Now that the 2018 Winter Olympics Games has come to a close, it is an appropriate time to reflect on one of the biggest Winter sports: snowboarding. Believe it or not, snowboarding was once banned at ski resorts, but that was in the wild west days of this aesthetically arctic sport, before the likes of Ross Powers, Kelly Clark, and Shaun White made it the respected sport and household name that it is today.
Time Magazine once referred to snowboarding as “The worst new sport.” And while it did have a rough go with its humble beginnings as an Olympic winter sport, snowboarding has gone from odd one out to a mainstream golden child in a little less than a decade. So, to celebrate the athletes that participated in this sport in the past Winter games below is a brief history of snowboarding in the Winter Olympics.
Making the Olympics Cool Again
Known for being a counterculture favorite, snowboarding was often the back pocket gem for those involved in the sport. But In 1995, snowboarding was added as an official sport to the Olympic Winter Games. It made its debut in the 1998 Nagano Olympics, but even with its addition as an official Olympic sport, no one could have foretold of its popularity in mainstream culture some twenty years later. While the sport was a bit slow coming out of the gate in 1998, all of that started to change in the 2002 Salt Lake City Olympic Games, where snowboarding went from up-and-comer to full-fledged Olympic sport.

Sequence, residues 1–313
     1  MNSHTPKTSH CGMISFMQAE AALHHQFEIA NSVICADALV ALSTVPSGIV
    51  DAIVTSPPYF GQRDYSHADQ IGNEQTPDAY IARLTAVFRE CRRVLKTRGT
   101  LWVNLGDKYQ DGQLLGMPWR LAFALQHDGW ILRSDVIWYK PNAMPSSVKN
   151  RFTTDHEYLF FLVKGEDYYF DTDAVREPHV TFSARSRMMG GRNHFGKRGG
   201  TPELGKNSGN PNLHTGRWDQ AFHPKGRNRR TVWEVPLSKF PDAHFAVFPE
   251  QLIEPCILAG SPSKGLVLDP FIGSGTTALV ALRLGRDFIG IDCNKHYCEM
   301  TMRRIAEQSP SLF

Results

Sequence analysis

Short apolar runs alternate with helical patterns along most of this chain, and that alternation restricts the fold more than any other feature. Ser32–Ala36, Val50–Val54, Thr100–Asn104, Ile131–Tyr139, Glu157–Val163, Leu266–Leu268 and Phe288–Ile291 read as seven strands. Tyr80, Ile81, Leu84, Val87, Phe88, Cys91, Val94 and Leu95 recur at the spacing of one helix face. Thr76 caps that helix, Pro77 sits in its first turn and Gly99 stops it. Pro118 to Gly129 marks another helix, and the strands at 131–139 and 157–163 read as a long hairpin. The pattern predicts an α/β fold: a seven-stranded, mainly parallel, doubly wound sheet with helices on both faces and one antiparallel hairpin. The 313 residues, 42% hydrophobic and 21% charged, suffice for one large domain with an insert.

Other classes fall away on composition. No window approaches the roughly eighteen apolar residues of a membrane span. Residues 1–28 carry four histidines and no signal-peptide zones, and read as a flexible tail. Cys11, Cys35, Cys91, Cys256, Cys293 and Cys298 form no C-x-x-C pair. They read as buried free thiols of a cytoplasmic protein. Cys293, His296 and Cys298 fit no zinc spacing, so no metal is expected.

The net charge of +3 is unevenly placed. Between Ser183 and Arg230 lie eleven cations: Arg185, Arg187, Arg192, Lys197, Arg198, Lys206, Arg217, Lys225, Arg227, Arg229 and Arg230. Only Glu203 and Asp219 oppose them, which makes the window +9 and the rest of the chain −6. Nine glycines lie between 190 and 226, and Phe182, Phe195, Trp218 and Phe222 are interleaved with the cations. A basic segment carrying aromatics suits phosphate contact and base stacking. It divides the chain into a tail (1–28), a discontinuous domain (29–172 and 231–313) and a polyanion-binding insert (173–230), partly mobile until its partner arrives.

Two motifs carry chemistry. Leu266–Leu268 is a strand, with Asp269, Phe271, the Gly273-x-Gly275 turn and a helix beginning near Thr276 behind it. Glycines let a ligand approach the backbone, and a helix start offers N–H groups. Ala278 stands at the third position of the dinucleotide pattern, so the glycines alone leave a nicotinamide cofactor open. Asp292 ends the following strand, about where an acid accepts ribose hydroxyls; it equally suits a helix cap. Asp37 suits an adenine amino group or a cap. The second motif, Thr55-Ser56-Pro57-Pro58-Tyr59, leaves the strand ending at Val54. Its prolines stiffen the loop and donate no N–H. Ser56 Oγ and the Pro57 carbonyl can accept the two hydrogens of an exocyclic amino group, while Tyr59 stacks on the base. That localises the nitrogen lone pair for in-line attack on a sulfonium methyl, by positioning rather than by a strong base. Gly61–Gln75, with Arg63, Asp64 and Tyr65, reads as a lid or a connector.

Perhaps the highlight of the Salt Lake City Olympics was when 18-year-old Kelly Clark, in front of thousands of Americans, won the country’s first gold medal of the Games. A day later, Ross Powers, Danny Kass and JJ Thomas dominated the men’s halfpipe. Then, seemingly all at once, snowboarding became the Olympic sport that all the cool kids wanted to be a part of.
Continuing to Grow
Perhaps its first truly mainstream star, it’s undeniable at this point that Shaun White is a huge name in the sport of snowboarding. And in 2006, snowboarding found an athlete with the charisma needed to take it to the next level. With White’s domination of the 2006 Vancouver games, many Americans found themselves cheering for a sport that was less than fifty years old, and the sport truly found a home with old and young alike.
While it has certainly endured its fair share of growing pains, snowboarding continues a positive, upward trajectory both in the skill of its athletes and the popularity of it as a sport. And after a disappointing run for Shaun White in the 2014 games, White solidified himself as a true comeback kid in the 2018 games, a title that snowboarding itself has earned over the past twenty years, as well.
In the 2018 games, seventeen different nations earned a medal in snowboarding, with the U.S. at the top of the list and Canada coming in second. Truly, it was a great year for snowboarding as a whole, and indicative of its continual climb as a sport that showcases the excellence and skill of extreme athletes.